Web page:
I told myself I wasn’t gonna do it. I’m washed and I was finna be in bed, scarf on, knocked out. But sure e-fucking-nough, come 1:20 am CT, I was wide awake and flipping my shit because the screen went black and Beyoncé WAS COMING!!
Beyoncé, why? Why’d you have to do me like that? Like I knew to expect greatness but I still wasn’t ready. Beyoncé put Coachella and the rest of us on notice a year ago when she postponed her First Black Woman to Headline Coachella status for maternity leave. And in that year off, she planned a hell of a fucking show.
The woman who shaded the Country Music Awards by inviting the Dixie Chicks to perform with her gave one of the Blackest sets at one of America’s whitest music festivals. In the middle of the night, Queen Bey drop-kicked me out of the comfort of my New Orleans bed and back through time to a warm April Friday on The Yard at Howard University. If I closed my eyes I could almost hear the Qs hopping over at the sundial. Bless.
Beyoncé’s Coachella army, decked out in epauletted yellow sweatshirts with the Beyoncé royal crest (Beta Delta Kappa), featured female and male dancers, a choir, Beyoncé’s regular band Suga Mama, a Vanta Black all-star HBCU marching band, an all-Black woman string section, Les Twins, Solange, Michelle Williams, Kelly Rowland, five costume changes, several live stream camera operators, one HELL of a sound technician, and JAY Z. We got a formal opening with The Black National Anthem leading straight into Formation (which I will go up for Now and Forever). In two hours time, she took us through a halftime show, battle of the bands, probate, step show, CSA/ASA party, and I lived for every moment of it.
Gif set credit to: Beigency
The level of detail and coordination that had to have gone into an undertaking like this must have been borderline maddening. Every moment needed to be strictly choreographed. No, not just the dances, which were a lovely blend of fresh and familiar which had me ready to dance my partner off the edge of our bed. Every movement, entrance, exit, step, nod, and sway had to be noted and set. Performing on risers while blinded by stage lights ain’t no joke, especially when you add a 35 lb sousaphone. Sure, insurance’ll pay for it but that’s bad for morale.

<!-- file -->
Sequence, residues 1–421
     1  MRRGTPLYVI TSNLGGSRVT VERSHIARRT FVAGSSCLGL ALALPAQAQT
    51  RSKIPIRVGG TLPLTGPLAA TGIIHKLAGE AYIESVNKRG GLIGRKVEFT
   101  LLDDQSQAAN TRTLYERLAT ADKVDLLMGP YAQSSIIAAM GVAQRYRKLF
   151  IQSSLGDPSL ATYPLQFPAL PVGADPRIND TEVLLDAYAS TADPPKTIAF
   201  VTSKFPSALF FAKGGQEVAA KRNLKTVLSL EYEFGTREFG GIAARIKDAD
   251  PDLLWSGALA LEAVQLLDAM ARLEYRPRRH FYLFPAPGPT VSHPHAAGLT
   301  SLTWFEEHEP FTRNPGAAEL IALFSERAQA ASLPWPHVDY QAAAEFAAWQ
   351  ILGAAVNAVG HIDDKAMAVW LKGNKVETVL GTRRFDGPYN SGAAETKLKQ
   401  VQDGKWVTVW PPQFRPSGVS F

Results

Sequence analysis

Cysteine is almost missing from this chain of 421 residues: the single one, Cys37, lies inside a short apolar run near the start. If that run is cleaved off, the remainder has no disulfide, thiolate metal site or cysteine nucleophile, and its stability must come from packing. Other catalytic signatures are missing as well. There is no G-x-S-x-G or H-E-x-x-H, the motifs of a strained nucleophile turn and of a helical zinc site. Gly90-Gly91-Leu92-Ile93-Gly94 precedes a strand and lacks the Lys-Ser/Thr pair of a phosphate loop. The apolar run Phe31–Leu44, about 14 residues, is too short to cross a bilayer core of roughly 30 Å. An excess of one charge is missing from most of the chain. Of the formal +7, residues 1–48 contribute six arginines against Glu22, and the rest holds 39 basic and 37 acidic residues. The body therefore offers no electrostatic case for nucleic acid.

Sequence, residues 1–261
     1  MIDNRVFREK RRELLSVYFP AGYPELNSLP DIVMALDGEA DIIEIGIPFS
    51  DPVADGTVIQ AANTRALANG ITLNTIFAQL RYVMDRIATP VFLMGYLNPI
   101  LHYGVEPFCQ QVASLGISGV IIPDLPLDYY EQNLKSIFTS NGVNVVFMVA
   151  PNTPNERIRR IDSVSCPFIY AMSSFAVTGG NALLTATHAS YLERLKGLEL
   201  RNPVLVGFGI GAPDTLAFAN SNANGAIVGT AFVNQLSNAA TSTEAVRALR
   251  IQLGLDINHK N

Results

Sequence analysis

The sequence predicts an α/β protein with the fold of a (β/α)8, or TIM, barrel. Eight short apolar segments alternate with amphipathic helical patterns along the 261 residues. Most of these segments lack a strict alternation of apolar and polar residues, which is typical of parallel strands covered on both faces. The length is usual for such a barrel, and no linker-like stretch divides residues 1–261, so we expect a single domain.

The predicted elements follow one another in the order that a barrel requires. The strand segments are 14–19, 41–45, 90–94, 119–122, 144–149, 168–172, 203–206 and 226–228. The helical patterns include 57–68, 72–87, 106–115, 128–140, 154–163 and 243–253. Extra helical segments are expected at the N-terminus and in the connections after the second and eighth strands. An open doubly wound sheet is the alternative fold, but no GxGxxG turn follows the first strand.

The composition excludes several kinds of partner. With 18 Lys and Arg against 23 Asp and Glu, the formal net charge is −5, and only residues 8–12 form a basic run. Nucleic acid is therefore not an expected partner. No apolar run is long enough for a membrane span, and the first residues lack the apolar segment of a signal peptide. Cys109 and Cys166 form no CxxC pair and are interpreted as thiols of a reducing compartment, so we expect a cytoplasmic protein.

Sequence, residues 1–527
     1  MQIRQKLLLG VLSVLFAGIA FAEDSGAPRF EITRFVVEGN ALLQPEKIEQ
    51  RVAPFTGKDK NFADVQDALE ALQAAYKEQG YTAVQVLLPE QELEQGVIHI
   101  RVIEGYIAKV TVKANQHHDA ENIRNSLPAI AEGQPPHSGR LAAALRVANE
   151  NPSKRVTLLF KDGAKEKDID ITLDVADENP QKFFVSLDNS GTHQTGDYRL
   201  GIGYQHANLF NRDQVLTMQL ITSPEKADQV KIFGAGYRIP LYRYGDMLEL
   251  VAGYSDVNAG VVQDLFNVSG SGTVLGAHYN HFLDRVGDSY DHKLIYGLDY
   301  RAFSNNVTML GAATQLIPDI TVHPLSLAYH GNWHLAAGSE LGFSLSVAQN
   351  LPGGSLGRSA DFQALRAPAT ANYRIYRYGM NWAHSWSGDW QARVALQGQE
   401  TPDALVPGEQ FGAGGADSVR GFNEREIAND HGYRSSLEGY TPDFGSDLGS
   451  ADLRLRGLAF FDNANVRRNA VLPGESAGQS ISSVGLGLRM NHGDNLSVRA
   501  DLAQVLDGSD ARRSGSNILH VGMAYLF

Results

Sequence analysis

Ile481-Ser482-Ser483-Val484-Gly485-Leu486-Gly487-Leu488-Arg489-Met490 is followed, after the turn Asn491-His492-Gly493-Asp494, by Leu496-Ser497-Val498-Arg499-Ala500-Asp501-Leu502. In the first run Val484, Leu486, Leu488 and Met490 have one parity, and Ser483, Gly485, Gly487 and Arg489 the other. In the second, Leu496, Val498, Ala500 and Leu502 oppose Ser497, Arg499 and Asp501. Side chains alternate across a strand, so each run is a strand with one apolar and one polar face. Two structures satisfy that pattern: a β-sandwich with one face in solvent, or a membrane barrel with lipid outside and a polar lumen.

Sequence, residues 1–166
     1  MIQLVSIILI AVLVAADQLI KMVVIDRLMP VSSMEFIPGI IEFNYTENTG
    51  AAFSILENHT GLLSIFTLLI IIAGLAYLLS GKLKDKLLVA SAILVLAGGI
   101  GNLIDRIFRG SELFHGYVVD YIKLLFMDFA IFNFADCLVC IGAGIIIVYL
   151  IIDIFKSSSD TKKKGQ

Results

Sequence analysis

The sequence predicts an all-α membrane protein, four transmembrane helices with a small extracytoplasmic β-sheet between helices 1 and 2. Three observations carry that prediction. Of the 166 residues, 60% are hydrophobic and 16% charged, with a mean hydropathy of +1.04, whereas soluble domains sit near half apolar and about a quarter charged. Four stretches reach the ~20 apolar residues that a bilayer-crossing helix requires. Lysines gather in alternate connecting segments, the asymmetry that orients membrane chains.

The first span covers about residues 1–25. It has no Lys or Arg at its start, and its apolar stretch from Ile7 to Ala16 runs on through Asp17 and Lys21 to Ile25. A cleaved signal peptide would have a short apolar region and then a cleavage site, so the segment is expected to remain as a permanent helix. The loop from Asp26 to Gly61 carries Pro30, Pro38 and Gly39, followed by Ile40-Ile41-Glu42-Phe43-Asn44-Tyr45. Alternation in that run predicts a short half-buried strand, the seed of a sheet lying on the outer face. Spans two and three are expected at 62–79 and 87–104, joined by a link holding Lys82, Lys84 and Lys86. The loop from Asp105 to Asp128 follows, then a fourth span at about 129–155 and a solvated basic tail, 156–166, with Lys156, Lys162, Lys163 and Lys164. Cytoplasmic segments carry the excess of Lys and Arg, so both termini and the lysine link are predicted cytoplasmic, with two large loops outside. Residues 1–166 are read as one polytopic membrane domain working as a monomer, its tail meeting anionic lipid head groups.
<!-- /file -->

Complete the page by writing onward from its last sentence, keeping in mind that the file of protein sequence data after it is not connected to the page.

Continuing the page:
But the thing that stuck with me most were the songs themselves. Beyoncé took us through hit after hit from her first solo single to the latest track where she out-raps some rappers. We even got a DC3 reunion out of the deal (which could’ve only been topped by a DC5 reunion). I was surprised by how many visceral memories each song brought up, by how much Beyoncé’s discography plays like a soundtrack for my life. Hell, I still remember the choreography for Baby Boy and how I wore that shit out my freshman year.
I’ll admit, I was hoping for some new music. With the way Parkwood has been slapping us in the face with releases these past few years, how could I not? But the lack of fresh tracks didn’t leave me unfulfilled. Beychella felt like a trip down memory lane as each track tugged up an image as clearly as a snapshot. The two hours traffic of that stage felt familiar and like home even through the screen of an iPad. And Lawd, was it glorious.